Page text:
Tuesday, March 2, 2010

Jennifer Frank, MD: My voice

I have laryngitis. This is my first bout with the sickness that takes your voice. I can squeak out a few words before I start coughing. I can whisper pretty well for several sentences before I get tired of whispering or my audience gets tired of trying to hear me. However, I am definitely unable to continue my current voice-related duties.

At home this weekend, I had to discipline without my voice. This led to two things. First, I let some things go that normally would have found me yelling either up or down the stairs to “stop chasing each other,” “brush your teeth like I told you to three times already,” or ask “is your room clean yet?”

Second, I got a lot more exercise since I had to physically locate myself in the same room as the kids if I cared enough about their current infraction to reprimand them. That tired me out quickly. So, I found it easier to just hang out wherever they were. This allowed me to watch them more closely which made it less necessary to correct them as my proximity had a disciplining effect.
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The unintended effect was that I spent more quiet time with my kids — my daughter read me a story, I taught my other daughter how to play Connect Four, I explored all of the Lego weapons my son had repurposed into even more powerful weapons, and I got some great belly laughs out of my infant son.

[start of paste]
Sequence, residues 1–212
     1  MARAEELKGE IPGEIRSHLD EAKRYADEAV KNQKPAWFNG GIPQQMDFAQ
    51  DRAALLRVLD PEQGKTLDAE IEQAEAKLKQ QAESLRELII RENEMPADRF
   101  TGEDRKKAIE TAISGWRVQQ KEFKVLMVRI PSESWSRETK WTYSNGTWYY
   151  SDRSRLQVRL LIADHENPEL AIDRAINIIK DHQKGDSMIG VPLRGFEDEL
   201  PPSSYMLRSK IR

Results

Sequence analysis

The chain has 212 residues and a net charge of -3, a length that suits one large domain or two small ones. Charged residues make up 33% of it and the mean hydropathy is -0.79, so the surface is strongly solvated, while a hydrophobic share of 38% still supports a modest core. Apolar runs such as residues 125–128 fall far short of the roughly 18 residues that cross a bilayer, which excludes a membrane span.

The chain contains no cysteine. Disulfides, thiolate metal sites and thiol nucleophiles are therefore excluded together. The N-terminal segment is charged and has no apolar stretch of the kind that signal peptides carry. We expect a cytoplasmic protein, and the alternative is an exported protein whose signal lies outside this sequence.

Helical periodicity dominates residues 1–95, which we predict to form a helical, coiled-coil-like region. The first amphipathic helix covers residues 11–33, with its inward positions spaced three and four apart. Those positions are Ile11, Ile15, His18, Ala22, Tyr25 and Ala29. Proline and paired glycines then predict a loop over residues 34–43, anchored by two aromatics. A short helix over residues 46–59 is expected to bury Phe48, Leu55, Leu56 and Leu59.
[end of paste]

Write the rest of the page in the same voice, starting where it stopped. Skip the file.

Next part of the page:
At work on Monday morning, I had to critically evaluate my schedule. Clinic on Monday afternoon would prove challenging for both me and my patients if I had to whisper through questions and instructions. I reviewed my appointments and was able to identify which ones needed primarily my hands or eyeballs and would allow minimal conversation. Not surprisingly, I determined that most actually needed to hear me, so they had to be rescheduled.

I couldn’t pick up the phone for the telephone conference I had planned, that would need to be rescheduled. I had a couple of important meetings to attend — both requiring at least some input from me. I considered writing down my thoughts, but was able to express everything I needed to say with a few well chosen words, thumbs up or down, and a few shakes of my head. At the conclusion of both meetings, I felt that the things that I needed to communicate had, in fact, been communicated. It is both humbling and embarrassing to consider how many more words I would have used had it been easier to do so.

Being quiet today has other benefits. When I did speak, everyone listened. They wouldn’t be able to hear me otherwise. Ironic — I usually raise my voice to be heard better. I also feel more quiet and calm. I am thinking before I speak (a rarity) because I have to save up my words to exert maximum effect. It is evident that this would be a good practice every day.

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